"Dick had a fairly fast track," said former Mayor Bill Poe. "There were a lot of things that Dick was pushing, and in various stages of negotiation. These issues are still going to be on the table, and she doesn't have all the background."
Miranda and others agree and say Iorio will need strong controls over her department directors. She doesn't need to manage the flow of an underground water system that could stretch from New York to Los Angeles, or decide the wattage in the city's 31,000 streetlights. But as Scott Paine, a former council member, explains: "One of the first decisions they'll have to make is what you're going to do with all those folks that have been there." Greco's approach on taking office was to create a new level of decisionmaking at the top -- creating, as Paine said, another layer around the bureaucracy "and ignoring the one that was already there."
The turnover in staff that Iorio faces could work to her advantage over the long term, but her immediate problem is a serious brain drain. Greco, for example, included $8-million in this year's budget to cover buyouts and new hiring costs associated with retirements by police and firefighters. Fifty-nine officers and 43 firefighters will retire before October -- many in the senior command ranks. These are hardly entry-level vacancies to fill. The fire department, for example, will have to replace six members of the seven-person command -- the chief, assistant chief, deputy chief, rescue chief, personnel chief and training chief. Said Miranda: "She's going to have some very big holes to fill."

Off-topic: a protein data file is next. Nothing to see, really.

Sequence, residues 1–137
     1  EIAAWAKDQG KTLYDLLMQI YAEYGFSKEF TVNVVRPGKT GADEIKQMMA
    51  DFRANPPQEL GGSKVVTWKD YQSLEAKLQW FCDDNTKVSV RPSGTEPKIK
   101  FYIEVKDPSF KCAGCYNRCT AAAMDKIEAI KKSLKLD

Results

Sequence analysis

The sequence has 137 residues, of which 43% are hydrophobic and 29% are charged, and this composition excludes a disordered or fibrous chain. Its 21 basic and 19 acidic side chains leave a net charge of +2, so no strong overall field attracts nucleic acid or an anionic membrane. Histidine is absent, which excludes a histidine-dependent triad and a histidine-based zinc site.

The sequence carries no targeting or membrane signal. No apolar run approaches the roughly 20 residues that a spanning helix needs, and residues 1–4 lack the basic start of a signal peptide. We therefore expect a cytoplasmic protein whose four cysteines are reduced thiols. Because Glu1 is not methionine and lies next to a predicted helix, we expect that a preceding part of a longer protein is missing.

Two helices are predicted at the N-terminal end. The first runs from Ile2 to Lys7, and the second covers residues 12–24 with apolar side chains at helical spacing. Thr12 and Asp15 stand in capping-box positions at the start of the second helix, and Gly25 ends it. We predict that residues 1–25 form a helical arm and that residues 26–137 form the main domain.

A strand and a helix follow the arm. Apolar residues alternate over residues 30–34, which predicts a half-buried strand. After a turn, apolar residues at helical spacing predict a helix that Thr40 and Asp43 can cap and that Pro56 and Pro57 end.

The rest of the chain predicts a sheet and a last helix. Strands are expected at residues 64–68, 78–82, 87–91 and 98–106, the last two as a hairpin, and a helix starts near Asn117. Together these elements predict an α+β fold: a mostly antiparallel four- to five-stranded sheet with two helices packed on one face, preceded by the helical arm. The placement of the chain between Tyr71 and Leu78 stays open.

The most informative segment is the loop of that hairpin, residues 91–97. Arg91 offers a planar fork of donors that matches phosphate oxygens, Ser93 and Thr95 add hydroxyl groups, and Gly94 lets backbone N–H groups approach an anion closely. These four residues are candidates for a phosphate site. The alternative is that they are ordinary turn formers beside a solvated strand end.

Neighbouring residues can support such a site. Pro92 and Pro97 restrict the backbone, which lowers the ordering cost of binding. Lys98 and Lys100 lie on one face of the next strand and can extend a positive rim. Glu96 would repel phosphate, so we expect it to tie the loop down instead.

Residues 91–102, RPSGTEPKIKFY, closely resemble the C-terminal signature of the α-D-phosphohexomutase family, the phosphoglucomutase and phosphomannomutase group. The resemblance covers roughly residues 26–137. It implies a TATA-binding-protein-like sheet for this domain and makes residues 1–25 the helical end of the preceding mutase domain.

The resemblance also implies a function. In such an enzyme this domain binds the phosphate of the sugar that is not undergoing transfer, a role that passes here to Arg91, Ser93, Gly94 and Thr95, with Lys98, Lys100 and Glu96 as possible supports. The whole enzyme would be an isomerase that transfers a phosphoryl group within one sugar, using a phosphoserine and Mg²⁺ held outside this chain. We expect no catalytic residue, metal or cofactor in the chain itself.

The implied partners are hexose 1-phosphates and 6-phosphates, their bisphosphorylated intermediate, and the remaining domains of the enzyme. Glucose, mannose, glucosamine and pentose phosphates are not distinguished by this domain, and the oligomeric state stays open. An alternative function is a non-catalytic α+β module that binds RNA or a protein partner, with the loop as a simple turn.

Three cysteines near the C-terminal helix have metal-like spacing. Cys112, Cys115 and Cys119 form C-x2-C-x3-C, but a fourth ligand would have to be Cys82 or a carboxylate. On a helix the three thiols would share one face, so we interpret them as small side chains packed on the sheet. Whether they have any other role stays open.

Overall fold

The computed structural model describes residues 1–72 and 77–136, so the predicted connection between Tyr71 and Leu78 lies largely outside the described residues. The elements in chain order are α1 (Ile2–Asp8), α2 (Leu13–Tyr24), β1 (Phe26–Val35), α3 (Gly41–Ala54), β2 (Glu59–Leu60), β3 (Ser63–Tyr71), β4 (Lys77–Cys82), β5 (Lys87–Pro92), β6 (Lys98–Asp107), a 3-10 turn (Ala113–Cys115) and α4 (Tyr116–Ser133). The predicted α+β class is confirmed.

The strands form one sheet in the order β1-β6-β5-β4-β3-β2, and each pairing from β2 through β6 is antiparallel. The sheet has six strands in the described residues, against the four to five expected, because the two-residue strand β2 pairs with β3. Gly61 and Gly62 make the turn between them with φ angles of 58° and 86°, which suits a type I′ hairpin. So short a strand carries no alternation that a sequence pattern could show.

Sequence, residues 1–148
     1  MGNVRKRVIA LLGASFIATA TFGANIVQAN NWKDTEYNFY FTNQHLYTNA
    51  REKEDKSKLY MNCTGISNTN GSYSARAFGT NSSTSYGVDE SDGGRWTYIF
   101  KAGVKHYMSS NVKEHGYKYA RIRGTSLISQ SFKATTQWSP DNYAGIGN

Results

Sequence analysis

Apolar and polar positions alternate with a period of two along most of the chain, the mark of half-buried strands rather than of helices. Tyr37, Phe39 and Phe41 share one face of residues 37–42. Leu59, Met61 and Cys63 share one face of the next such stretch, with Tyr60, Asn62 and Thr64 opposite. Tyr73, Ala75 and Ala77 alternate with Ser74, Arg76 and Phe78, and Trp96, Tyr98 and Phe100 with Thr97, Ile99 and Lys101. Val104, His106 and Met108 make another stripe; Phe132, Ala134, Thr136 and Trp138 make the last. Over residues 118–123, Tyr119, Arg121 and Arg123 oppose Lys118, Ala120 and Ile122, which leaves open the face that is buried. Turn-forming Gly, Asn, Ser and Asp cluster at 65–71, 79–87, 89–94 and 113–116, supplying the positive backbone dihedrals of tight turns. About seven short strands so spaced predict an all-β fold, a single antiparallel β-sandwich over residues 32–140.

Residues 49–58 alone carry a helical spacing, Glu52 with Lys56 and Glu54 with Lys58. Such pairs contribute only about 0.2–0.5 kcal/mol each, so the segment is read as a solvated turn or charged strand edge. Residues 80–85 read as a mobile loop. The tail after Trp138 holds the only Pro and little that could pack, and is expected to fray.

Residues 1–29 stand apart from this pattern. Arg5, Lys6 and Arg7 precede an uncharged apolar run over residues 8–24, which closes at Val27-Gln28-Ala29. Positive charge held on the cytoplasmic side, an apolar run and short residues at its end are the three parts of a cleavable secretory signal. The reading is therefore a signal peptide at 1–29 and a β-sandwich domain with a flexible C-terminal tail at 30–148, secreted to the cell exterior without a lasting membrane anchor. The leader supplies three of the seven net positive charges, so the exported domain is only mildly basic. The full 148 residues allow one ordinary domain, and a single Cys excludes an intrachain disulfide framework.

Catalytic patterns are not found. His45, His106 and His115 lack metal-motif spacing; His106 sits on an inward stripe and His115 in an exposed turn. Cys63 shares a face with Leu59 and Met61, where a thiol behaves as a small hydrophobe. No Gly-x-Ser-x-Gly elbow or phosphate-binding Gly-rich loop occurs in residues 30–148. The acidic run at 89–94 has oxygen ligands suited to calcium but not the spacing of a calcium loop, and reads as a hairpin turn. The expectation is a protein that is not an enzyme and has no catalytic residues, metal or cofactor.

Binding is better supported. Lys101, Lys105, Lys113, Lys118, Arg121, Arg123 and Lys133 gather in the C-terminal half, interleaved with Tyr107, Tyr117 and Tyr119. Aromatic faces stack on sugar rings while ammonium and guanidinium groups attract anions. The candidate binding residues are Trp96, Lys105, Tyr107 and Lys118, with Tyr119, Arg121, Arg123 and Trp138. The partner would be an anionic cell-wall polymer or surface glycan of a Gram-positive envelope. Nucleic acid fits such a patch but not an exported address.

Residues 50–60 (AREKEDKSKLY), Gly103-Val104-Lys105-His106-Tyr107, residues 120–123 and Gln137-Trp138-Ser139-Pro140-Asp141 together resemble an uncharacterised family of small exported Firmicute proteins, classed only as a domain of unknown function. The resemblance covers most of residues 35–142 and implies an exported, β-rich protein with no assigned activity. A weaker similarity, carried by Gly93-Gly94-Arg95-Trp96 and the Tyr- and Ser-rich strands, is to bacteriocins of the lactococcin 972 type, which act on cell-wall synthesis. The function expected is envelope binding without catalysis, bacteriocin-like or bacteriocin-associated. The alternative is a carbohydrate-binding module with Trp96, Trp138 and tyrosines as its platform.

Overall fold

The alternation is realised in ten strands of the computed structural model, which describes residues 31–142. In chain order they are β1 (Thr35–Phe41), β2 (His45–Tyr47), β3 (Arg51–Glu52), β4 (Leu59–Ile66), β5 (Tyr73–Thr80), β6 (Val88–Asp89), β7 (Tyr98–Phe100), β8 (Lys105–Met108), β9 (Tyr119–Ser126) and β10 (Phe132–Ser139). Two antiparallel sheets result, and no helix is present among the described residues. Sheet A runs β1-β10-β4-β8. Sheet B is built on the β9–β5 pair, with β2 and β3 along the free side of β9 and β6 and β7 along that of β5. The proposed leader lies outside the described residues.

The turnover could change the dimension of any message Iorio sends with her first-year budget. Though the 2004 spending plan won't be unveiled until August, department heads will make specific proposals to Iorio in the coming weeks. The budget process will be an important backdrop for both sides. Staffers will voice their priorities even as they wonder whether they will be replaced. For Iorio, it's a chance to see how well her department heads share her broader agenda for governing.
"It will be important for her to do something in that first budget that sets a tone, that says we're focusing on people, not on buildings or monuments," said Paine, who teaches communications and government at the University of Tampa. "I expect it'll be a big neighborhood thing, as opposed to a downtown or Channelside district thing. That's what people are looking for her to do."
Poe said Iorio has some breathing room politically because she's so widely known and respected. City employees, he said, will watch for signs of Iorio's management style, but there's no compelling need to make a budget splash. Poe said these messages are often misread, anyway. When he became mayor in 1974, Poe wedged a stopper underneath his open office door. He was hailed as an advocate for open government. Actually he wanted a better view of who was meeting in the conference room.
"I think she'll be real busy," Poe said, "but I think she'll move forward and get it done without a lot of chaos. She's got the credibility of the public and the media, and I think she did a wonderful job in selecting Fred."